More about the even roots on the GMAT:

\(\sqrt{...}\) is the square root sign, a function (called the principal square root function), which cannot give negative result. So, this sign (\(\sqrt{...}\)) always means non-negative square root.

Image
The graph of the function f(x) = √x

Notice that it's defined for non-negative numbers and is producing non-negative results.

TO SUMMARIZE:
When the GMAT provides the square root sign for an even root, such as a square root, fourth root, etc. then the only accepted answer is the non-negative root. That is:

\(\sqrt{9} = 3\), NOT +3 or -3;
\(\sqrt[4]{16} = 2\), NOT +2 or -2;

Notice that in contrast, the equation \(x^2 = 9\) has TWO solutions, +3 and -3. Because \(x^2 = 9\) means that \(x =-\sqrt{9}=-3\) or \(x=\sqrt{9}=3\).
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Solve square root of (d)^2+6d+9?  [#permalink]

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New post 21 Nov 2018, 23:39
Quote:
Thank you so much for your explanation. I got confused since in the book they have mentioned that if a square root sign is used in the GMAT, only the positive value is considered. e.g.. \(\sqrt{16}\) then answer should be only 4 and not both 4 and -4.


Quote:

The book is correct.

Check again: \(\sqrt{d^2+6d+9}=\sqrt{(d+3)^2}=|d+3|\). So, we got that the result is |d + 3| (the absolute value of d + 3). Absolute value is always non-negative, so the result we got (|d + 3|) cannot be negative, it could be positive or 0.

More about the even roots on the GMAT:

\(\sqrt{...}\) is the square root sign, a function (called the principal square root function), which cannot give negative result. So, this sign (\(\sqrt{...}\)) always means non-negative square root.

Image
The graph of the function f(x) = √x

Notice that it's defined for non-negative numbers and is producing non-negative results.

TO SUMMARIZE:
When the GMAT provides the square root sign for an even root, such as a square root, fourth root, etc. then the only accepted answer is the non-negative root. That is:

\(\sqrt{9} = 3\), NOT +3 or -3;
\(\sqrt[4]{16} = 2\), NOT +2 or -2;

Notice that in contrast, the equation \(x^2 = 9\) has TWO solutions, +3 and -3. Because \(x^2 = 9\) means that \(x =-\sqrt{9}=-3\) or \(x=\sqrt{9}=3\).


So the book is right, When the GMAT provides the square root sign for an even root, such as a square root, fourth root, etc. then the only accepted answer is the non-negative root..

But if \(\sqrt{9} = 3\), NOT +3 or -3
then why is \(\sqrt{d^2+6d+9}=\sqrt{(d+3)^2}=|d+3|\). i.e (d+3) and -(d+3). Shouldn't it be d+3 ONLY?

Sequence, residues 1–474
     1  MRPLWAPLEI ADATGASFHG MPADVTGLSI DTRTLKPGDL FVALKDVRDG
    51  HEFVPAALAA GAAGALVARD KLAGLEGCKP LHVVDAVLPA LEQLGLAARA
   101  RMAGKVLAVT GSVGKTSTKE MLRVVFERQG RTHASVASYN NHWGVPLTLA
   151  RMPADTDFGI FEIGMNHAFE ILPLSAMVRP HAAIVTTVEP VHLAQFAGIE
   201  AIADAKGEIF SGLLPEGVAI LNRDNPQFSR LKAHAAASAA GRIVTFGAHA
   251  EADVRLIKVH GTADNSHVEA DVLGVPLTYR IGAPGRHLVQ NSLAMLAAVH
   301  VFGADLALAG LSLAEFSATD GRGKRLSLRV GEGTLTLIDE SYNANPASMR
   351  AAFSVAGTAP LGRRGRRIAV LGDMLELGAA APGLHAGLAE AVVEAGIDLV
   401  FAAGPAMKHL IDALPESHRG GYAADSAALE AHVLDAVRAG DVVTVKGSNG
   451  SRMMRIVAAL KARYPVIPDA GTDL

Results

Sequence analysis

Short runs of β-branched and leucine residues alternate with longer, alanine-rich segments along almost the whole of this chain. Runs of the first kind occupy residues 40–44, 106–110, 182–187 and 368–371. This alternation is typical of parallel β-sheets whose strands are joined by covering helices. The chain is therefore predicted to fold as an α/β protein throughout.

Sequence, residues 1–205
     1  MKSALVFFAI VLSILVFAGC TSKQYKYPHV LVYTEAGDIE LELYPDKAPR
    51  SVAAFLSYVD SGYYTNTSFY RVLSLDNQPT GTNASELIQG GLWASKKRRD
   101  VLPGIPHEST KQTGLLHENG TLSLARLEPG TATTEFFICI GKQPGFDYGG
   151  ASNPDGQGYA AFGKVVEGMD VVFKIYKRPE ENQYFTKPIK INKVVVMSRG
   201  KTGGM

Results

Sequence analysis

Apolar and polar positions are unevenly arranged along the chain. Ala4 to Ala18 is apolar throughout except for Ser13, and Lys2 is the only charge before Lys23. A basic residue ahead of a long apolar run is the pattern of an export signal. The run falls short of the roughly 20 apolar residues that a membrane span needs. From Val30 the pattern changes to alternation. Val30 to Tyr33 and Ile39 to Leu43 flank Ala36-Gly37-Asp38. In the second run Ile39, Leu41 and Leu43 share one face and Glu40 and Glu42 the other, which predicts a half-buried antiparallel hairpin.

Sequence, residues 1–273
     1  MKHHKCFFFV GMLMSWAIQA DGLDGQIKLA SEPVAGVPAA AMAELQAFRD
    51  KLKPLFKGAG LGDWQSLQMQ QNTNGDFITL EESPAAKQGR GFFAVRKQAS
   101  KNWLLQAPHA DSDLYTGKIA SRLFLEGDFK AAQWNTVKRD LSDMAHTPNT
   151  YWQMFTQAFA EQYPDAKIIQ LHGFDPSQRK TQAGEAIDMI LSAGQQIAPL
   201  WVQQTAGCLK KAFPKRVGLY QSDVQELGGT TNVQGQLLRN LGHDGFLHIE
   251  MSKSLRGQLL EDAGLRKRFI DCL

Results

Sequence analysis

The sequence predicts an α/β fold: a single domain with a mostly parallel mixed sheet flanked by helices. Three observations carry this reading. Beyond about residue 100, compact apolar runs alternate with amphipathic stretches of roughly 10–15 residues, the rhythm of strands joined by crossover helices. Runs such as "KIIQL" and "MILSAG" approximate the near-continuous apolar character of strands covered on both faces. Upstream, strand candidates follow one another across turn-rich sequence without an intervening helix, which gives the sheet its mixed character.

Sorry I am really confused.
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Re: Solve square root of (d)^2+6d+9?  [#permalink]

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New post 21 Nov 2018, 23:48
aj3001 wrote:
But if \(\sqrt{9} = 3\), NOT +3 or -3
then why is \(\sqrt{d^2+6d+9}=\sqrt{(d+3)^2}=|d+3|\). i.e (d+3) and -(d+3). Shouldn't it be d+3 ONLY?

Sorry I am really confused.


No. Absolute value sign, ||, ensures that the result is not negative: |d + 3| cannot be negative.

If d >=-3, then |d + 3| = d + 3 (notice that if d >= -3, then d + 3 is NOT negative).
If d < -3, then |d + 3| = -(d + 3) (notice that if d < -3, then -(d + 3) is NOT negative).

So, as you can see the result is non-negative in all cases. Try plugging numbers to check.
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Re: Solve square root of (d)^2+6d+9?  [#permalink]

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New post 22 Nov 2018, 01:08
Bunuel wrote:
aj3001 wrote:
But if \(\sqrt{9} = 3\), NOT +3 or -3
then why is \(\sqrt{d^2+6d+9}=\sqrt{(d+3)^2}=|d+3|\). i.e (d+3) and -(d+3). Shouldn't it be d+3 ONLY?

Sorry I am really confused.


No. Absolute value sign, ||, ensures that the result is not negative: |d + 3| cannot be negative.

If d >=-3, then |d + 3| = d + 3 (notice that if d >= -3, then d + 3 is NOT negative).
If d < -3, then |d + 3| = -(d + 3) (notice that if d < -3, then -(d + 3) is NOT negative).

So, as you can see the result is non-negative in all cases. Try plugging numbers to check.


Got it, thank you so much! :)
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Re: Solve square root of (d)^2+6d+9?  [#permalink]

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New post 25 Jan 2019, 00:34
If you take the square roof of a number there are always 2 possible solutions:
E.g.:
(-x)^2 = x^2
x^2 = x^2
Hope this helps

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Re: Solve square root of (d)^2+6d+9?  [#permalink]

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New post 26 Jan 2019, 14:36
Reactzz wrote:
If you take the square roof of a number there are always 2 possible solutions:
E.g.:
(-x)^2 = x^2
x^2 = x^2
Hope this helps

Posted from my mobile device


That's true, but not technically true on the GMAT. A lot of people find this counterintuitive, so here's an article about the square root situation:
https://www.manhattanprep.com/gmat/blog ... -the-gmat/

For the original question, Bunuel's answer is right. -(d+3) isn't necessarily a negative number - for instance, if d = -100, then -(d+3) is positive. So, -(d+3) could actually be the positive square root!
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Re: Solve square root of (d)^2+6d+9?   [#permalink] 26 Jan 2019, 14:36